Neck muscle pain can result from traumatic injury, overuse, certain disease processes and degenerative conditions, as well as being caused by the mindbody interactions. Of all the cervical pain syndromes, muscular discomfort is certainly the most commonly experienced. While most muscle ache concerns are not serious and may not even require any specialized care, it is always a good idea to get serious or lasting neck pain syndromes evaluated by a qualified physician, just to be safe. Neck muscle pain is usually felt in the trapezius, splenius, sternocleidomastoid, scalene and levator scapulae muscles.
Muscular pain in the neck can affect the ability to move the head and the arms. Tension headaches are also a common side effect of muscular cervical pain. Additional information on the full range of possible cervical symptoms can be found in our neck pain resource section.
Neck Muscle Pain Symptoms
The following are all possible symptomatic expressions found in the neck muscles. These symptoms can be strikingly similar regardless of the cause, with those enacted by degeneration, psychosomatic interaction and even neck injury being basically identical in their effects:
Pain is the most common expression and can be located in the top, bottom or side of the neck, unilaterally or bilaterally. Many patients experience their worst suffering at the base of the skull, behind the ear or at the cervicothoracic juncture. Others may have radiating pain down the side of the neck, typically unilaterally, and possibly into the trapezius and shoulder. The discomfort might be steady or may come and go depending on the extent of injury. The pain is often made worse when the patient performs certain movements or activities.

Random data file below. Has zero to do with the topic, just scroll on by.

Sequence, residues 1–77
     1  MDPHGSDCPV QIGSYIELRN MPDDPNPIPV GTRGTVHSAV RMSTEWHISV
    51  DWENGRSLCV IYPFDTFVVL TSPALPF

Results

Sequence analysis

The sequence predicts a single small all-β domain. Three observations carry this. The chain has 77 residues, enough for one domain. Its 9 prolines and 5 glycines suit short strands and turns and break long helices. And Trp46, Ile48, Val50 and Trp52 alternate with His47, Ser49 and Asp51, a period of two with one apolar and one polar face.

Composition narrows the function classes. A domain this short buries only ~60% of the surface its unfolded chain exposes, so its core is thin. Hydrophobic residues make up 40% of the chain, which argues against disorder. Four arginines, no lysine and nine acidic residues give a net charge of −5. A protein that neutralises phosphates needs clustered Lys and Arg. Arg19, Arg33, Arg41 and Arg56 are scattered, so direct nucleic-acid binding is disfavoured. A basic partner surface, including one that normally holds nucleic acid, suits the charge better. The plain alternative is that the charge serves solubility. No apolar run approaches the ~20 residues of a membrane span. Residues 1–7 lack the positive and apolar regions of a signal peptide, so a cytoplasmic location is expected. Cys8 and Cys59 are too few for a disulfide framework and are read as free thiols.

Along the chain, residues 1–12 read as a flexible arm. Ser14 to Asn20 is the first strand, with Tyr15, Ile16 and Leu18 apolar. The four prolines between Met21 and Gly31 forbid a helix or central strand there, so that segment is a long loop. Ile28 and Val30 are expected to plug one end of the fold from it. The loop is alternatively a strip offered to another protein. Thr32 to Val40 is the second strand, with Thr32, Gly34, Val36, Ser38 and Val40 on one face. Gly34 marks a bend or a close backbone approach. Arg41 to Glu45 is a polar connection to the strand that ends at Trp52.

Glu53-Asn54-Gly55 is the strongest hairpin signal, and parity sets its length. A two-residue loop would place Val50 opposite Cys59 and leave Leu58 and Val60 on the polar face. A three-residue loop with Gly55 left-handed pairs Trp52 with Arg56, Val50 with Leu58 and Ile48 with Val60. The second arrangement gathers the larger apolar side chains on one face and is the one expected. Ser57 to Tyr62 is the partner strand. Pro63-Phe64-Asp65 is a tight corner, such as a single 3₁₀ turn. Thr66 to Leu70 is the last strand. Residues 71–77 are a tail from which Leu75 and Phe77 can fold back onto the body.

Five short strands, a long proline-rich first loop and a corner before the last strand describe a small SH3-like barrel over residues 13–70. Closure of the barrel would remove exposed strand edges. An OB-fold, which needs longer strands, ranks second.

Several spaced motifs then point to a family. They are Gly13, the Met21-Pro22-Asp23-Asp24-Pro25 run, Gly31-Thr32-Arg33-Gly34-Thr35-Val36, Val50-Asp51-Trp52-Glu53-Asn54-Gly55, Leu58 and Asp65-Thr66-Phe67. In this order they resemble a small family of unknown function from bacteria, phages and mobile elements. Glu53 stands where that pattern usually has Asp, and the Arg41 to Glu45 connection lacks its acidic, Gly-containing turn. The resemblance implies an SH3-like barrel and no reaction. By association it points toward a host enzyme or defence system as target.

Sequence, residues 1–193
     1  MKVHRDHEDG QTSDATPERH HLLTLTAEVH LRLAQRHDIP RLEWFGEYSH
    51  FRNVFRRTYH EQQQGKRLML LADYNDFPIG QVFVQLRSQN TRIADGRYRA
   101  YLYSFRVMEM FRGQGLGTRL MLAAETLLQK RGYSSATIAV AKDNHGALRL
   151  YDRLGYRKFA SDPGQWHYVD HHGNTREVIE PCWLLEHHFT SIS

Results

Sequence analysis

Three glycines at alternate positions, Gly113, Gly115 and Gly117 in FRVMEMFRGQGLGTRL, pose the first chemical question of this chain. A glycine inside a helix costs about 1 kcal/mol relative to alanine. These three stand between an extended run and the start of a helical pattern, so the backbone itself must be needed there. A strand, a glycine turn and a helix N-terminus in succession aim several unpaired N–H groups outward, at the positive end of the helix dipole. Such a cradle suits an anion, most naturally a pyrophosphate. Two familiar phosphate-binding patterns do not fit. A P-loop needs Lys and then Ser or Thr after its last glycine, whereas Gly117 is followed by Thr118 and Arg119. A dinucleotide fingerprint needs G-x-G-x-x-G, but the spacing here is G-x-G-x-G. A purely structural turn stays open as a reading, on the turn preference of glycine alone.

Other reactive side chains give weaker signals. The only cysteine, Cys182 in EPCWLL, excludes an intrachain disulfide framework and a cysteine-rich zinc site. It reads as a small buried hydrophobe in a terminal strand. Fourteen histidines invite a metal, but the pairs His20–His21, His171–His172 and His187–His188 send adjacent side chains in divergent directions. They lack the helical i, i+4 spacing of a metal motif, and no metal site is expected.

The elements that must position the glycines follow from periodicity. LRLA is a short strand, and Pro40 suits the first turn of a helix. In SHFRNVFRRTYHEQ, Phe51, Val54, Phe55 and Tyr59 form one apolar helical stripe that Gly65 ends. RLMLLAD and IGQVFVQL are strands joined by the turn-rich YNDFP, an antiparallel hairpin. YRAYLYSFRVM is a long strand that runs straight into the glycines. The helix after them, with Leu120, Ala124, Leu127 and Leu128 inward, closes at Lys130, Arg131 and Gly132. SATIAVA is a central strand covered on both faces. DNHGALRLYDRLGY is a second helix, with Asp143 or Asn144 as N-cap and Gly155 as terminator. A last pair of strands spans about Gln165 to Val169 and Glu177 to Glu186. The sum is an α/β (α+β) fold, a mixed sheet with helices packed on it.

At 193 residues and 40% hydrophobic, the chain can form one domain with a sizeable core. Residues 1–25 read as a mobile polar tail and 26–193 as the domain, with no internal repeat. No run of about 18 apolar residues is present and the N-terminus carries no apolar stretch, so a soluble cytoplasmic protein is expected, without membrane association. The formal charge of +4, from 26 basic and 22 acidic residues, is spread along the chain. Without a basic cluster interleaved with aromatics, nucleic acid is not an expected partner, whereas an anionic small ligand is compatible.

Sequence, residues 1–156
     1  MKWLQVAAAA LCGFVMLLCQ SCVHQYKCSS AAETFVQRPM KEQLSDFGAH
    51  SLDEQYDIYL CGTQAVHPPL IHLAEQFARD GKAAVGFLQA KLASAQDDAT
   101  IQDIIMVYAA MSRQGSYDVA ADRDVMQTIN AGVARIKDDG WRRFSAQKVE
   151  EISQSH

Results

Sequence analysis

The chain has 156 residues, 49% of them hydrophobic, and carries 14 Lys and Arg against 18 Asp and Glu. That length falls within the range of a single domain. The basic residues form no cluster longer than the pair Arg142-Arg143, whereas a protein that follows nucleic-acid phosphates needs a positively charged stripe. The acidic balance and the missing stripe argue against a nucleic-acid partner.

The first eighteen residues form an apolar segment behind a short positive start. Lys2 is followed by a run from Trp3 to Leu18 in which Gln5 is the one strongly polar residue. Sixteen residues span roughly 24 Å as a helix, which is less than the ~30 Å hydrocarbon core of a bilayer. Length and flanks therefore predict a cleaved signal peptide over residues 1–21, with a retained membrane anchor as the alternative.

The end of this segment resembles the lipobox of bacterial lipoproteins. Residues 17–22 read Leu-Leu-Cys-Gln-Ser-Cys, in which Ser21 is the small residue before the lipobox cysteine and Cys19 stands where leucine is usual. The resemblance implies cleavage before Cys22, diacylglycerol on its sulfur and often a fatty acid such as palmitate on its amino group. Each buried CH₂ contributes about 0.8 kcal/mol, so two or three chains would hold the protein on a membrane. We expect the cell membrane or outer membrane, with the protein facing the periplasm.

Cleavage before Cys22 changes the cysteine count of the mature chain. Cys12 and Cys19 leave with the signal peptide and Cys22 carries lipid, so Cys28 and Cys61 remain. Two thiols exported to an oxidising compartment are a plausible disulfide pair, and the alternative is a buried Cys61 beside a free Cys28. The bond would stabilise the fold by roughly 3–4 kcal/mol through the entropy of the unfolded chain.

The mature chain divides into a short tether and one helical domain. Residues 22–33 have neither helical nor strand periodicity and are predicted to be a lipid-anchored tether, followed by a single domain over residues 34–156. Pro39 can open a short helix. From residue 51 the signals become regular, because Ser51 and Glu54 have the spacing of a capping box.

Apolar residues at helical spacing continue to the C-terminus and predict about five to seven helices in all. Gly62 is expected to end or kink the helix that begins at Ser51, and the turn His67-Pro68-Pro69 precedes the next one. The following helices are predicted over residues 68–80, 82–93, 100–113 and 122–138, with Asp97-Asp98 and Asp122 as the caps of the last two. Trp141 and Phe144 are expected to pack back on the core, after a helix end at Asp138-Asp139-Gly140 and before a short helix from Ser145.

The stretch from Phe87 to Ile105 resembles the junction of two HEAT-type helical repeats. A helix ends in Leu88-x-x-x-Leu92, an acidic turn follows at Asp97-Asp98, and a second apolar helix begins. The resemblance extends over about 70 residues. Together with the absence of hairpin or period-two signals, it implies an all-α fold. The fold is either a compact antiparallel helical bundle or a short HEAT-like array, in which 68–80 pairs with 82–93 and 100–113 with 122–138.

Muscle spasm is not very common in neck ache conditions, but is certainly possible. A neck spasm is when the muscle contracts violently and uncontrollably. This condition is similar to a charlie horse or cramp. Often, the muscles of the upper back can go into spasm due to a neck muscle injury. This is more likely to be experienced than spasms in the neck itself.
Muscle tightness or stiffness is also common. There might be a pulling or abnormal stretching feeling when the neck muscles are used. This feeling is most common when reaching for something with the arms or when turning, raising or lowering the head. Chronic muscular tightness may indicate a muscle imbalance condition, but is also an extremely common indicator of a mindbody process at work, since the area is likely to be oxygen deprived.
Headaches may accompany neck muscle pain syndromes. Headache expressions can actually be worse than the muscular discomfort in some cases. Tension headaches are the variety which are likely to be directly related to the source of neck muscle symptoms. These typically affect the back and side of the head unilaterally and might also feel like they are creating pressure behind one of the eyes.
Guidance for Neck Muscle Pain
Neck muscle injuries are relatively common, since our heavy heads place inordinate stress on the neck. Whiplash injuries and falls are 2 of the most common forms of cervical injury. The anatomy of the neck makes it susceptible to a variety of degenerative processes, as well. The vertebrae and intervertebral discs are thin and light in structure here and suffer inherently severe degeneration as part of their natural life cycles. These factors may create painful neurological symptoms which might affect the local musculature.
If you are suffering from ongoing muscular neck pain, it is important to pause and consider the emotional components of the expression. Muscle pain is aggravated by worry and emotional stress. Have faith that the pain will subside soon. Take time to allow the injury to heal, but make sure to carefully use the muscles. Keeping the muscles immobile for too long will weaken them and actually make it harder for them to heal.
If you require symptomatic relief during the healing phase, speak to your doctor. Be cautious about using medications for neck pain, since these may have health risks not typically considered.
It is better to focus on non-pharmaceutical methods of coping with neck ache, such as exercise, massage, hydrotherapy, acupuncture and even TENS. Information on these, and many more therapies, can be found in our treating back pain section.